Rep. Michele Bachmann (R-Minn.), who's made quite a name for herself over the course of four terms in Congress, made a surprise announcement overnight: she won't seek re-election.
In a video posted on her website and on YouTube, the stressed that her decision to stand down from her Minnesota seat was not due to any concern she would be defeated at the next election in 2014 or the inquiries into activities of her former presidential campaign staff.
And she said she would continue to fight for the policies she believes in and that her future was "limitless and my passion for America will remain."
Bachmann's YouTube video was posted to Maddow Blog earlier.
While Bachmann may hope to convey a sense of confidence, the truth is her career was in serious jeopardy. In recent elections, the right-wing Minnesotan eked out narrow victories -- she very nearly lost last November -- and recent polling suggested Bachmann would struggle to keep her seat in 2014. Quitting will save her the trouble of losing.
What's more, Bachmann, the leader of Congress' "Tea Party Caucus," is currently under investigation by the FBI, the Office of Congressional Ethics, the Federal Elections Commission, and an ethics panel in Iowa for a variety of alleged misdeeds. If the congresswoman's bizarre ideology and erratic behavior weren't enough to push voters away, her ongoing scandals made her career prospects that much worse.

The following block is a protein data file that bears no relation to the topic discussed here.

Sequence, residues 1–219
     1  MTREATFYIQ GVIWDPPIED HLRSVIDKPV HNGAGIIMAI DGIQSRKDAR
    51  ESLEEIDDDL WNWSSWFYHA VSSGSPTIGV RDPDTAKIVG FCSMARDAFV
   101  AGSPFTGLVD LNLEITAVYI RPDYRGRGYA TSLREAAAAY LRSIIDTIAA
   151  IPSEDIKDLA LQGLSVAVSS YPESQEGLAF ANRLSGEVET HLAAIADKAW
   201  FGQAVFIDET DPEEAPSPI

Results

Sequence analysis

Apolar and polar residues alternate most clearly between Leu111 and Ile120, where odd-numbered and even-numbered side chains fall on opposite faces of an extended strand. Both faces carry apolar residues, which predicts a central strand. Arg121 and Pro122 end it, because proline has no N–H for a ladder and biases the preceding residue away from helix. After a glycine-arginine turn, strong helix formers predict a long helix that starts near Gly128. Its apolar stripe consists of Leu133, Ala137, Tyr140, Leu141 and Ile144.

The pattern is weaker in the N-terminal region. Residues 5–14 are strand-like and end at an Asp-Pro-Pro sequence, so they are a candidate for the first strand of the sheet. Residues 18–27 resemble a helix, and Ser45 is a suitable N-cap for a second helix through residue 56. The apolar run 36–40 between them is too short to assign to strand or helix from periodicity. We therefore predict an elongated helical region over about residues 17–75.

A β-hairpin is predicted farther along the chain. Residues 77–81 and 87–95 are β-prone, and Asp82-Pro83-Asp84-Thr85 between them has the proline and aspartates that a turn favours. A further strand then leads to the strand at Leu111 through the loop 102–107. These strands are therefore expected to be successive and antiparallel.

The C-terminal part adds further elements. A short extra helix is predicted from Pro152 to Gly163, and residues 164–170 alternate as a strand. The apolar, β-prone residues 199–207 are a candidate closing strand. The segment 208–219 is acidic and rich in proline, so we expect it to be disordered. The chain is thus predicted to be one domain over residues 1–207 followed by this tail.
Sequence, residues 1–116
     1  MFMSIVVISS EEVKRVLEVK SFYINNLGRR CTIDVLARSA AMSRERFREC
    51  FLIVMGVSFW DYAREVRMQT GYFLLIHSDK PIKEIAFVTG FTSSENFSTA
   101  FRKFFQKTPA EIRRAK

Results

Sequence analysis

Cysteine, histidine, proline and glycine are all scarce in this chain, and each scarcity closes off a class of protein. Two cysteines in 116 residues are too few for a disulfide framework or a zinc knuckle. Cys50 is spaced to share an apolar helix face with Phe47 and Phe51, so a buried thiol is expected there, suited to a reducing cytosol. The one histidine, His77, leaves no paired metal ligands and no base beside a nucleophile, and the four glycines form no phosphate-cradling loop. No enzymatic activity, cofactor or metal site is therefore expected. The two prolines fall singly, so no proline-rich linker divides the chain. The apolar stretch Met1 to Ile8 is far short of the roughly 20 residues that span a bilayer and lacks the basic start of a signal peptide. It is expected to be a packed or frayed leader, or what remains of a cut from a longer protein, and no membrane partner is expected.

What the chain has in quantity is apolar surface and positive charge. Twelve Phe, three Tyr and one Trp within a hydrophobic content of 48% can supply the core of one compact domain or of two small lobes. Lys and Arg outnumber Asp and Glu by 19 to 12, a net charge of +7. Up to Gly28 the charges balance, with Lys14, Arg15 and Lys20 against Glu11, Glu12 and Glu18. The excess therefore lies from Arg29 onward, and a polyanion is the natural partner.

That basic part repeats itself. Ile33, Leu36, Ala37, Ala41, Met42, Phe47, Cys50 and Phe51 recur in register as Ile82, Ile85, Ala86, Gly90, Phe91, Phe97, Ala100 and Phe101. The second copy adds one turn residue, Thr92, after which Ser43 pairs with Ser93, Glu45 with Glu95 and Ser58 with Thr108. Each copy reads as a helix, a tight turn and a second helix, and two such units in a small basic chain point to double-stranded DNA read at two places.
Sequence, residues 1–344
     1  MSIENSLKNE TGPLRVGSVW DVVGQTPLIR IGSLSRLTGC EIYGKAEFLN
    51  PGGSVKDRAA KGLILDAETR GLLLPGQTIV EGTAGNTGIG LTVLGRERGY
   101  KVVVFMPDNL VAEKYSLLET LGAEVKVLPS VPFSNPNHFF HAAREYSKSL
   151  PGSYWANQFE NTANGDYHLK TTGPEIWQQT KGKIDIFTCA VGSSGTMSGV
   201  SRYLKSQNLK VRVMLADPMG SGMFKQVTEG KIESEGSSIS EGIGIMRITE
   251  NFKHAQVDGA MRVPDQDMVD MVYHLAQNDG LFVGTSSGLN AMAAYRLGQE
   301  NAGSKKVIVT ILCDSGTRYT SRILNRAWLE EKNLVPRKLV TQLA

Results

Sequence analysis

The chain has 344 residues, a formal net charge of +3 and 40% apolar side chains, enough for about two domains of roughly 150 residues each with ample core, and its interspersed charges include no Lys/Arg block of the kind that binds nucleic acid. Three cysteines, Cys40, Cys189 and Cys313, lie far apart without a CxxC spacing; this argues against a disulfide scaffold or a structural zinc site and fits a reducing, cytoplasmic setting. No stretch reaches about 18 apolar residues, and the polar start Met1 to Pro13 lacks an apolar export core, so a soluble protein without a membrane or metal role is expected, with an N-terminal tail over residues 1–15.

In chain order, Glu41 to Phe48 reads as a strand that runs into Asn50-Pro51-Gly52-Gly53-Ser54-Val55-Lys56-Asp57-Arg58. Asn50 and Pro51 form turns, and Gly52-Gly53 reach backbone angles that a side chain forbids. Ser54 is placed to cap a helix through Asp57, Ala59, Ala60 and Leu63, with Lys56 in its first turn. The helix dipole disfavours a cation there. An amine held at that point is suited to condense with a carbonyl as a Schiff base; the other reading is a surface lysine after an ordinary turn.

As for coming to terms with her political career, which included a failed presidential campaign in 2012, it's honestly hard to know where to start. Few politicians of this generation have been as ridiculous as Michele Bachmann. If there were a Hall of Fame for cringe-worthy members of Congress who could only be described as cover-your-eyes embarrassing, Bachmann would be a first-ballot inductee.
I'm sure there will be plenty of Greatest Hits collections published today -- each of which will be true and will make you wonder how she was elected in the first place -- but I'd just note that Bachmann proudly embraces bizarre conspiracy theories; she routinely says ridiculous things on national television; she pretends to grasp public policies she doesn't really understand; and her worldview is detached from reality to an unnerving degree. Even as the Republican Party leaps off a right-wing cliff, Bachmann stands out for her unique brand of madness.
Remember the time she said FDR passed "Hoot-Smalley" and caused the Depression? How about the time Bachmann argued a bipartisan national service bill would lead to "re-education camps"? Or maybe the time she suggested the U.S. Census might lead to "internment camps"? Or perhaps the time she urged her supporters to slit their wrists?
This is just a small sample, barely scratching the surface of a federal lawmaker who has effectively been a caricature of herself. Bachmann will be missed, but mostly by the nation's comedy writers.